Archaeologists in Peru have made an incredible discovery – 73 burial bundles from the Wari Empire period found undisturbed at the archaeological site of Pachacamac, near Lima.

The bundles contained mummified remains, some with exquisitely carved wooden masks and ceramic “false heads”. This find provides new insights into the Wari culture and how they prepared and honored their dead.

Pachacamac has long been an important religious site for many ancient Andean civilizations. Located on the central coast of Peru, it featured a famous temple and was an oracle location for a fertility deity.

The newly discovered graves date back to around 800-1100 AD, when the Wari Empire was at its peak of expansion along the coast.

The burials were found in layers underneath the terraces of a later Inca temple. They had been carefully placed in bundles made of cloth or plant materials.

Many bundles were individually placed, while some were found in family groups. Due to their protected location under fallen adobe walls, 19 bundles were remarkably well-preserved with intact structures.

Archaeologists were amazed to find some bundles contained wooden masks or ceramic “false heads” carefully positioned on the deceased. These ornate additions were used to prepare the dead for their afterlife journey.

Other bundles contained clues about the individuals buried, such as signs of warfare injuries or disabilities they had in life.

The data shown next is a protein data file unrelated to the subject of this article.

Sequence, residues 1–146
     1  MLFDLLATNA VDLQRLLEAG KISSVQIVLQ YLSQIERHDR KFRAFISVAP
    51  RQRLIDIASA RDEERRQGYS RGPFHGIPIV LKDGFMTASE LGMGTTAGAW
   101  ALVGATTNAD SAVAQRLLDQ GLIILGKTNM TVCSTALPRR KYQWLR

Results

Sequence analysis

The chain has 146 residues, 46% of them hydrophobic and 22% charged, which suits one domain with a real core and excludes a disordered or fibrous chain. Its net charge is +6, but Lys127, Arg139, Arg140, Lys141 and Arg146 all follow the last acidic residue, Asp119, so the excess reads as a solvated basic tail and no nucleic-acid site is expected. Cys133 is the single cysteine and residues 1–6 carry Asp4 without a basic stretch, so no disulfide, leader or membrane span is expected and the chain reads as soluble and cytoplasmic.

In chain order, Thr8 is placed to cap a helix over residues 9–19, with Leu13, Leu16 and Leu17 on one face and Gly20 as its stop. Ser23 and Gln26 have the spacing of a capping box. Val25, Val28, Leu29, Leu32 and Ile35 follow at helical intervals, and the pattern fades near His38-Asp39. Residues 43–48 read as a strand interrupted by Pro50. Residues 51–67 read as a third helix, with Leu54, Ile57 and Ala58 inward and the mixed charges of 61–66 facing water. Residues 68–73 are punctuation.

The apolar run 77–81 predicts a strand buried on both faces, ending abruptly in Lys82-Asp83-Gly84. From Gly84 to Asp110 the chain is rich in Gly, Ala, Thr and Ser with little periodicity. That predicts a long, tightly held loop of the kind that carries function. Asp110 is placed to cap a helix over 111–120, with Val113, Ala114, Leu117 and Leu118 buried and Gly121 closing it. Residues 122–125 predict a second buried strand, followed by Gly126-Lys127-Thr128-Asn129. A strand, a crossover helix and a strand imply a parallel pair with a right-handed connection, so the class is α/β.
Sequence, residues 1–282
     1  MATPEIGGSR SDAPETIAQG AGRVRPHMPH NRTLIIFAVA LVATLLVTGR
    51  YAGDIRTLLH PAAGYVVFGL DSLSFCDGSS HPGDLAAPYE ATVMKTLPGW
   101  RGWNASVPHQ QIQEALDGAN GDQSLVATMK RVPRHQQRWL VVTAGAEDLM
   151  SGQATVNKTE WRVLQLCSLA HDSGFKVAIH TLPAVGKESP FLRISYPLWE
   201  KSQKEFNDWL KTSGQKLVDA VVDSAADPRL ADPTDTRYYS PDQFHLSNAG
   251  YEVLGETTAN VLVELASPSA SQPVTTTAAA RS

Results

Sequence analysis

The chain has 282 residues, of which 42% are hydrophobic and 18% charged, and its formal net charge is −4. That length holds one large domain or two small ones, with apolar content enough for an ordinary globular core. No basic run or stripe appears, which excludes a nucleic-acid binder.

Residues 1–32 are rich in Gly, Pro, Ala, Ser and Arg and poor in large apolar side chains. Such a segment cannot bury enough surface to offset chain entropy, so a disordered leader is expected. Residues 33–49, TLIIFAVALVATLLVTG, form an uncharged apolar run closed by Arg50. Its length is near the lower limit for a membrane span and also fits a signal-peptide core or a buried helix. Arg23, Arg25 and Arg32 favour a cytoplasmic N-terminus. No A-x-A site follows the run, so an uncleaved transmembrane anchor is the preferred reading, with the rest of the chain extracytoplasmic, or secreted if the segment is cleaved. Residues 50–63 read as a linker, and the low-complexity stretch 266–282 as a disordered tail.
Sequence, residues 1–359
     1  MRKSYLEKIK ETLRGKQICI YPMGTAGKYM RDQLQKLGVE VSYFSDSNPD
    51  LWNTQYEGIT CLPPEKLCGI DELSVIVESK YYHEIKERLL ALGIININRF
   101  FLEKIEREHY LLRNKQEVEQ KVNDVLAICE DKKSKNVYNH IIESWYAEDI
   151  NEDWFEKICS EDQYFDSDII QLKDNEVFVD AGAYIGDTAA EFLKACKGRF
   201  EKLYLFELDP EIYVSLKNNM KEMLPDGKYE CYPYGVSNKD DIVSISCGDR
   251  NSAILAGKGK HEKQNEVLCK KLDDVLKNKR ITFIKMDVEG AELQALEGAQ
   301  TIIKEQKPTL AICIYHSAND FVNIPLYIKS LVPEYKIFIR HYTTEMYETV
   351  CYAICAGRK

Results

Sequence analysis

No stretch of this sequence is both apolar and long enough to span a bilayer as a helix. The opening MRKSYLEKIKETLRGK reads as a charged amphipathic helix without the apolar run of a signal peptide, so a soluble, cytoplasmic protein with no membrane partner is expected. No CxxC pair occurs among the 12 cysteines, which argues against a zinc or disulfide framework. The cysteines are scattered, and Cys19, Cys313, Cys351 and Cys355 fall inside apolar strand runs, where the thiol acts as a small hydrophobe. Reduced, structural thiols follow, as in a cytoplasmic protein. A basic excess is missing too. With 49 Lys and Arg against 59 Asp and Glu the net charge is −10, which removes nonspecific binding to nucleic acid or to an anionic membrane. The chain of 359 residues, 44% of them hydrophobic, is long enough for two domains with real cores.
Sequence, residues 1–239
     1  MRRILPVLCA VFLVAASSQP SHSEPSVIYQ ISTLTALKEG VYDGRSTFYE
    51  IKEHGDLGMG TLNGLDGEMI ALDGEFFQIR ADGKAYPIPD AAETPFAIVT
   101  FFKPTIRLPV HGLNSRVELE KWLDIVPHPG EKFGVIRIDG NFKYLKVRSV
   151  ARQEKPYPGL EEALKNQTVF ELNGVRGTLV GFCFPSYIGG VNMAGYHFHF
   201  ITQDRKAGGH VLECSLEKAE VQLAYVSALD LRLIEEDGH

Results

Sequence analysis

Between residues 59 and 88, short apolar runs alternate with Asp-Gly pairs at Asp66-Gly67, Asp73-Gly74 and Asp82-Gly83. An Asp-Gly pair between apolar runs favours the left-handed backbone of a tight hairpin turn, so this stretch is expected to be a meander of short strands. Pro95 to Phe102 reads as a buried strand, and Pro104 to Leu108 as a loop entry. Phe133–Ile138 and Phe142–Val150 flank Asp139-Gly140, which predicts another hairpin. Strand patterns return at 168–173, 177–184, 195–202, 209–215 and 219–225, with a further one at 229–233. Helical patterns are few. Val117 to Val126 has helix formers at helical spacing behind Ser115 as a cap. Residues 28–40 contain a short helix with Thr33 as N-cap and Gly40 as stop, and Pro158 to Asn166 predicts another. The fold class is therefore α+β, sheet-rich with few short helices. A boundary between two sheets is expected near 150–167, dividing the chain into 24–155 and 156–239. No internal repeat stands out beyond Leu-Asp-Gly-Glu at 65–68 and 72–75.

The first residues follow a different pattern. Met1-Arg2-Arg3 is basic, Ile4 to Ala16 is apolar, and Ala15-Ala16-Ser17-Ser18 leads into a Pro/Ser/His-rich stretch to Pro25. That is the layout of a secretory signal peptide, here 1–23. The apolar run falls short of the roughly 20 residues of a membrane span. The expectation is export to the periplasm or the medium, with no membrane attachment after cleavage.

Radiocarbon dating and artifacts found in the area date the burials precisely to the Wari Empire period. This challenges previous ideas that Pachacamac continuously functioned as a major religious site from earliest times.

Instead, it seems to have been a ceremonial center and residential area during Wari rule. Rituals and iconography reflected coastal northern traditions more than motifs from Wari heartland sites.

The well-preserved mummies, masks, and bundle wrapping will allow for detailed studies of the Wari people using modern scientific techniques, like CT scans.

This discovery enhances our understanding of Wari imperial influence along the coast and cultural practices surrounding death and ancestor veneration during this important period in ancient Andean history. It is a remarkable window into the past.


J. Chyla, Seventy-three intact burials with carved masks discovered at Pachacámac

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